Managing the Mental Response to Disturbances
She goes on to share how she has worked with this by
- Making a to-do list before class so she can let it go during class
- Focusing on a sound
- Avoiding other commitments right after class, and
- Practicing at home.
In the following quote, Tracy Weber answered the question, “How can I tune out noises in Savasana?”
Noises in Savasana
Corpse Pose isn’t a time of quiet nothingness. It’s a period of active meditation… Our reactions to life’s distractions are more about us than the distractions themselves… Snoring is simply a sound, neither good nor bad. The yogini’s gremlin mind, however, makes it all about her. Oh good Lord, that man is snoring again. Why doesn’t the teacher do something about it? Doesn’t she realize that man is ruining my practice? Left unchecked, the mind will reel with righteous indignation, as if one man’s cat nap is some sort of personal… Instead of letting your monkey mind take control over you, why not take control over it? There are many different ways to do this, but one of the most powerful is to simply notice. Not the sound that’s distracting you, but your reaction to it… Whatever you notice, don’t allow your mind to amplify it. Instead, notice the thought; notice the emotion. Then bring your mind back to the feeling of the breath in your body… If you learn how to remain focused during distraction in Savasana, you might notice a ripple effect in the rest of your life. – Tracy Weber
Rolling onto Right Side vs. Left
One Expert Consideration
Activate Right Side of Brain and Stimulate Spiritual Energy
People often ask, “When we come out of deep relaxation in Savasana, why do you always have us roll onto our right sides? Why not the left side?”… [One] rationale is that lying on the right side opens the left nostril and left side of the nasal cavity. (If you’ve never done this, try it: it works.) Why is that desirable? The reason is, the greater the flow of breath in the left nostril, the more the right side of the brain is activated. The right side of the brain tends to work in intuitive ways, whereas the left side is more linear, analytical, and if you’re going to meditate after deep relaxation… it’s helpful to be in a more intuitive space. How much difference will this strategy make? I’m not sure, but every little bit helps. There’s a more compelling rationale, however. Paramhansa Yogananda taught that the right side of the body is the positive side (i.e., positive/negative in the sense of active/receptive, not good/bad). There is a stronger flow of life-force on the right side, and that generates a spiritual vibration that helps to shield one from harmful forces. Lying on the right side, he said, helps to stimulate that flow of energy, and thus strengthen the shield—which is a good thing, no matter what you intend to do after deep relaxation. – Gyandev McCord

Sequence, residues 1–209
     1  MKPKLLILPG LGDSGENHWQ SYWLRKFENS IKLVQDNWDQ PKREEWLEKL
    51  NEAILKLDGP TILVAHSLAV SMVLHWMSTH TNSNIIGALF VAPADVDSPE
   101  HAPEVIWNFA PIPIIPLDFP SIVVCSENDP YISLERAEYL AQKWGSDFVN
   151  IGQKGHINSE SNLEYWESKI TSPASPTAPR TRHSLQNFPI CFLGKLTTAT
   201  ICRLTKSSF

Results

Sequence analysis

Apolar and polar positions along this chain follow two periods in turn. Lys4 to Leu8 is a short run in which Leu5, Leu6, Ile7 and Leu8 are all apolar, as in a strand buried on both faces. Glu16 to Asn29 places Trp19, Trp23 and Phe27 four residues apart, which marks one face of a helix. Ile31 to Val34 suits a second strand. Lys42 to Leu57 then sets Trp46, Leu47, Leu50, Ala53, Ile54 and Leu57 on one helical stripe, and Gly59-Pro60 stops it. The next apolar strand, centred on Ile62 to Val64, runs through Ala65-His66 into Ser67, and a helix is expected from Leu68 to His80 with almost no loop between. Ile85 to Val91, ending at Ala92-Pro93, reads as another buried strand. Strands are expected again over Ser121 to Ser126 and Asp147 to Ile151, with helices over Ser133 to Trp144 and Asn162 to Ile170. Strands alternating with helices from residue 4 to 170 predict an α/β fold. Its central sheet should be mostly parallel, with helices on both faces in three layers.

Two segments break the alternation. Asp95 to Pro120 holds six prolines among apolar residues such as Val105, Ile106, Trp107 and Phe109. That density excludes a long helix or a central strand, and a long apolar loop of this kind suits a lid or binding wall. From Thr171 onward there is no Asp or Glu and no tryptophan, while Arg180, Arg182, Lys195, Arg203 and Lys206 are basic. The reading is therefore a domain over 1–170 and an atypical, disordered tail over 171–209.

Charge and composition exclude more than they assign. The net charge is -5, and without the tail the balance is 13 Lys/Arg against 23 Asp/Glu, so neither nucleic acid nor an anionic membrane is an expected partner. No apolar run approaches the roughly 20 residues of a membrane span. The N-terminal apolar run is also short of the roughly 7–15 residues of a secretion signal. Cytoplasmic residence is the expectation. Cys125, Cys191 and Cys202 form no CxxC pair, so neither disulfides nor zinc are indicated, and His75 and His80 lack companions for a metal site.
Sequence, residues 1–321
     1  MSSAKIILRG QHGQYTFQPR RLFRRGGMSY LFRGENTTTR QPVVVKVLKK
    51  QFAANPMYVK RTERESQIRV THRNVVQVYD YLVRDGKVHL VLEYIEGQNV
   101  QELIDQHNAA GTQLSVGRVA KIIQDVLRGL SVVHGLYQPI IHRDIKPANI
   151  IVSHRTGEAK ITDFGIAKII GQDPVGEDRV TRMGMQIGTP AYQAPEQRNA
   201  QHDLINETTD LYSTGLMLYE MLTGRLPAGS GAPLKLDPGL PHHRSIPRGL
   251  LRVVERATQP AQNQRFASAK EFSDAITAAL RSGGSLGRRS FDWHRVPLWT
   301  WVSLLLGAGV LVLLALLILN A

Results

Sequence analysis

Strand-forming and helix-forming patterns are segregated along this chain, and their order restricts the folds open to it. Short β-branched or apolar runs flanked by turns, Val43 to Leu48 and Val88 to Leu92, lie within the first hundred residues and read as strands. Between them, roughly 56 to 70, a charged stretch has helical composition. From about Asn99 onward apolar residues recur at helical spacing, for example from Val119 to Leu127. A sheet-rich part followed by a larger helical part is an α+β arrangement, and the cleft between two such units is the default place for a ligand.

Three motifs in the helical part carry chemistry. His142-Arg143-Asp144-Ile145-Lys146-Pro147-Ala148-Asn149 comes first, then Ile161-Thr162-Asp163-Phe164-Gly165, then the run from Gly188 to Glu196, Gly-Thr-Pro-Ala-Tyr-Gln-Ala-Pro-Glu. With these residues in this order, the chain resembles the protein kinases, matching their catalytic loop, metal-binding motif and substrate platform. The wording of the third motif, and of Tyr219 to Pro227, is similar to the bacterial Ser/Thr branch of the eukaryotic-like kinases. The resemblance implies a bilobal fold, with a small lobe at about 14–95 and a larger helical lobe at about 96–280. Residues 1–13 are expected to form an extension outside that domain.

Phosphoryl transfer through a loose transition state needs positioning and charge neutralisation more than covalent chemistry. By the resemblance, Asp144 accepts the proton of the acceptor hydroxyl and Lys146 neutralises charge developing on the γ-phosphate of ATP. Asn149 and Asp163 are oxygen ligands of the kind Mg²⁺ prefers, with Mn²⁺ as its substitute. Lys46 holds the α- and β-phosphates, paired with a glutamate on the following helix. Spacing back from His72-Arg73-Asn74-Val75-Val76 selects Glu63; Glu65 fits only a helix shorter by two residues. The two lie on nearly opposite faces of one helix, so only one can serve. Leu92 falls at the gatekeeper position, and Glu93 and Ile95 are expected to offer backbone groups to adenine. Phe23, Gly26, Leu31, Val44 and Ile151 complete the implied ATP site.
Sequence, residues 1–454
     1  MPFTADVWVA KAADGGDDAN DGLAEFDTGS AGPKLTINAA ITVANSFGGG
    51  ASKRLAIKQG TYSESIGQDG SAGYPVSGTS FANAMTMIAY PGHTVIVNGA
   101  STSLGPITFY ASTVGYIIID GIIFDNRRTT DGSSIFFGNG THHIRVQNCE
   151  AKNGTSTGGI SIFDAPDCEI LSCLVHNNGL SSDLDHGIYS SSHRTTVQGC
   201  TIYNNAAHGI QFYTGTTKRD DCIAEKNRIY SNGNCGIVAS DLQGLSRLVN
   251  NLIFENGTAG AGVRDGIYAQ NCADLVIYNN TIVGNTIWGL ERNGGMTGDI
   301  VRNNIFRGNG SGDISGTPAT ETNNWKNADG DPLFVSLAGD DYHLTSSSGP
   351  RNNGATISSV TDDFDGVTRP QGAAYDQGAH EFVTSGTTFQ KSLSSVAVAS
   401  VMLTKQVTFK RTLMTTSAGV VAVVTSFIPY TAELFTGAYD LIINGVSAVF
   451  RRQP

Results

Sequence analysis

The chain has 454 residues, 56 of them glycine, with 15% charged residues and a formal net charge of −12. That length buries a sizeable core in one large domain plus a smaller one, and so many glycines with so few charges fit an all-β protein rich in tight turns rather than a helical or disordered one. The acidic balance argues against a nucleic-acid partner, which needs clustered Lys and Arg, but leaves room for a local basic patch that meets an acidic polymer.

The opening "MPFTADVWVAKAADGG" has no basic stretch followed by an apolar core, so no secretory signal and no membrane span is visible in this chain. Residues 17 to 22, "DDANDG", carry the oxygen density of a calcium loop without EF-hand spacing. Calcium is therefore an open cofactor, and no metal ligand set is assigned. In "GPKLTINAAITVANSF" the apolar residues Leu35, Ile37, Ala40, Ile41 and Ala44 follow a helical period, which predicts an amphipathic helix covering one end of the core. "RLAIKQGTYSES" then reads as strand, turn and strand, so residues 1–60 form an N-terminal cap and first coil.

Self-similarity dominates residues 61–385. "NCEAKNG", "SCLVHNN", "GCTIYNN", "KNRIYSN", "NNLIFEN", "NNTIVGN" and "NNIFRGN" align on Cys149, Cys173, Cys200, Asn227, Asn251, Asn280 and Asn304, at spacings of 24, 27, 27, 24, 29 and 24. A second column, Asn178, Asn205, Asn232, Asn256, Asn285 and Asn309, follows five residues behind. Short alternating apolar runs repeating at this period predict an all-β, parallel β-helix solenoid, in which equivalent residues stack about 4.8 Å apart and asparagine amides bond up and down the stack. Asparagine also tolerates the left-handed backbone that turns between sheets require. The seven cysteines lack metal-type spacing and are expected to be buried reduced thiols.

Annie Carpenter has taught that there is a reasonable rationale for creating balance in practice by, for example, starting each pose in our practice on the right side on certain days of the week and beginning on the left side on alternate days. Similarly, we would turn to the left from Savasana on certain days.